Yes, diagnosis of parasites can be challenging, but armed with a little information and experience, you would be surprised how easily the puzzle is solved.
I strongly encourage veterinarians to consider the use of a digital camera attached to their microscopes (Figure), which allows you to capture images in fecal preparations, blood smears, skin scrapings, and cytologic preparations and email them to your preferred expert. Often you will have a diagnosis or confirmation in a very short time.
All the equipment required is readily available through Internet sources. Contact an expert near you for more information. As mentioned earlier, several textbooks and/or diagnostic manuals are available to assist veterinarians.1-4
3. With all of the new antiparasitic drugs entering the market, I am having a difficult time deciding which ones to use. What products are best?
Some veterinarians view the wide variety of available antiparasitic drugs as a liability and burden in making choices. I view the assortment of new products as a bonus. It allows us to individualize treatment and prevention for each pet.
Not surprisingly, criteria used in product selection should include:
- Target pet (eg, dog versus cat)
- Formulation (oral, topical, injectable)
Additional criteria could include spectrum of activity (parasites eliminated), overlap with products currently used, and existence of parasite resistance. Certainly, veterinarians cannot ignore cost, invoicing and inventory issues, and prescription (including online pharmacies) versus marketing outside the veterinary channel.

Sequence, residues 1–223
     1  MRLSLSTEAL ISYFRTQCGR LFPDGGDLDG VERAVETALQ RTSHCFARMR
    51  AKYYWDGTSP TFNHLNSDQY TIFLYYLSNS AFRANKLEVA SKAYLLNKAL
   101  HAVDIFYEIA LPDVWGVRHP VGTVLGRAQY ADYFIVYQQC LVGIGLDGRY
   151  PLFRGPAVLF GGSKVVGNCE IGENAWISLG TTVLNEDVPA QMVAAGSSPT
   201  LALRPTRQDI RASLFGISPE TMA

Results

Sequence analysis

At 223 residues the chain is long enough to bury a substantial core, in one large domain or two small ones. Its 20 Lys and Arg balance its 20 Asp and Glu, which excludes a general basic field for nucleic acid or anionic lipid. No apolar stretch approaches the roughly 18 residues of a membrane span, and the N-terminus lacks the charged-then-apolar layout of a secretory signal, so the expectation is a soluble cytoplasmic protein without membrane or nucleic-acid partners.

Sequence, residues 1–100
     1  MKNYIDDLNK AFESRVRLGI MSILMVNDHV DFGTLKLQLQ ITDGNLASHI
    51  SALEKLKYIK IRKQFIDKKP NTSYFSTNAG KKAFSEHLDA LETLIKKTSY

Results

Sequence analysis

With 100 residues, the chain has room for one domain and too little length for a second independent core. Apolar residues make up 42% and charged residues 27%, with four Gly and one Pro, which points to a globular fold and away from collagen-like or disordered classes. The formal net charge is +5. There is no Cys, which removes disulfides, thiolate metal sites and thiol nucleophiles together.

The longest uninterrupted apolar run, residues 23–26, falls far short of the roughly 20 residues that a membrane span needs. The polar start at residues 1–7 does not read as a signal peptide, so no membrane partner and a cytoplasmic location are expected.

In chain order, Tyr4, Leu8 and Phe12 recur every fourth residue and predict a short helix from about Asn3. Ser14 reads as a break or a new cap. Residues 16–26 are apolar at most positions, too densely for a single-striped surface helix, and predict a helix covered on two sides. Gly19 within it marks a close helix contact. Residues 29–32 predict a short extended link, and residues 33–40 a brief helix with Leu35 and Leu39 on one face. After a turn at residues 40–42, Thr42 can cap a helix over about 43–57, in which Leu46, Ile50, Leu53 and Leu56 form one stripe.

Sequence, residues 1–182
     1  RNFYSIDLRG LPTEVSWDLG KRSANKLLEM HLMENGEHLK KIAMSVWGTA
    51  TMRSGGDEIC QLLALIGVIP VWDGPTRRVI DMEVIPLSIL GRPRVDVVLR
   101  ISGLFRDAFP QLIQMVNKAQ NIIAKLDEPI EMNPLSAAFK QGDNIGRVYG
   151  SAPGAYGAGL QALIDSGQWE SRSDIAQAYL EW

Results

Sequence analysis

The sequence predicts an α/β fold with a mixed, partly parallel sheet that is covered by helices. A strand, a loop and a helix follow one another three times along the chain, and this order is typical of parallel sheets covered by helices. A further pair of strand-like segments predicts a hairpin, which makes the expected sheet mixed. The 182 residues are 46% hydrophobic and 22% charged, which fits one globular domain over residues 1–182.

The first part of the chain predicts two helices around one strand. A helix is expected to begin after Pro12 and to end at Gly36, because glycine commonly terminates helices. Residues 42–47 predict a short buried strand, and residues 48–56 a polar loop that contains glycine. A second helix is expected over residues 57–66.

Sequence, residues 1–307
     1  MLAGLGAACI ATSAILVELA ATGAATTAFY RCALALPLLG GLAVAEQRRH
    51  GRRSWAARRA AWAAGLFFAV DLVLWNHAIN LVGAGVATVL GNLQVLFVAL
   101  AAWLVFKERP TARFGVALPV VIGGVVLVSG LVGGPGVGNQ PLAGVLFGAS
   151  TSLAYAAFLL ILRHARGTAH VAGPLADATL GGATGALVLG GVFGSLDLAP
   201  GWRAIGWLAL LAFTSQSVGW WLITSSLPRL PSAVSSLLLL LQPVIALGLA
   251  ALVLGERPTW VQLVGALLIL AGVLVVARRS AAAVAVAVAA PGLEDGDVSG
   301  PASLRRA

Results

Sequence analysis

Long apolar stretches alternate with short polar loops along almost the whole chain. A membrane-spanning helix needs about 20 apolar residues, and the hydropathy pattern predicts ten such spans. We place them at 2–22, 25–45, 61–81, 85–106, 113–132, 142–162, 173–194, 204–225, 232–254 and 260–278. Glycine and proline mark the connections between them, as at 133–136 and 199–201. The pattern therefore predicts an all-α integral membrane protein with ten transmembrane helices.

New antiparasitic drugs, whether approved by the Federal Food and Drug Administration or Environmental Protection Agency, must comply with established performance mandates to gain approval. These products will prevent or eliminate the parasites that are included on their labels.
That said, there may be nuances of difference between categories of performance, such as speed of elimination of parasites, residual activity, and resistance of topical products to frequent water immersion and bathing, depending on products and individual pet situations. Veterinarians should carefully review the results of studies that support performance and safety claims.
Product sponsors are enthusiastic about sharing their data in the clinic (breakfast meetings, lunch and learn forums) or at regional, local, and national scientific meetings. There is no lack of opportunity for those considering the use of a new product to get excellent detailed information.
Many veterinarians prefer to discuss new products with an academic mentor or other trusted professional. Just remember that it is not the responsibility of these individuals to make choices for the practice community, but rather to help sort through the complexities of the data and wealth of information that accompany new product launches.
4. I have conflicting canine heartworm results: one antigen test is positive, while the follow-up confirmation test is negative. Which test do I believe?
This is a common question that can cause significant concern for the veterinarian who must make a treatment decision.
First, let’s deal with the possible reasons for the discrepancy. If the 2 tests are different platforms (ie, enzyme-linked immunosorbent assay versus immunomigration) or even similar platforms but from different manufacturers, they can vary in their performance characteristics.
- Do they possess different sensitivity and specificity properties?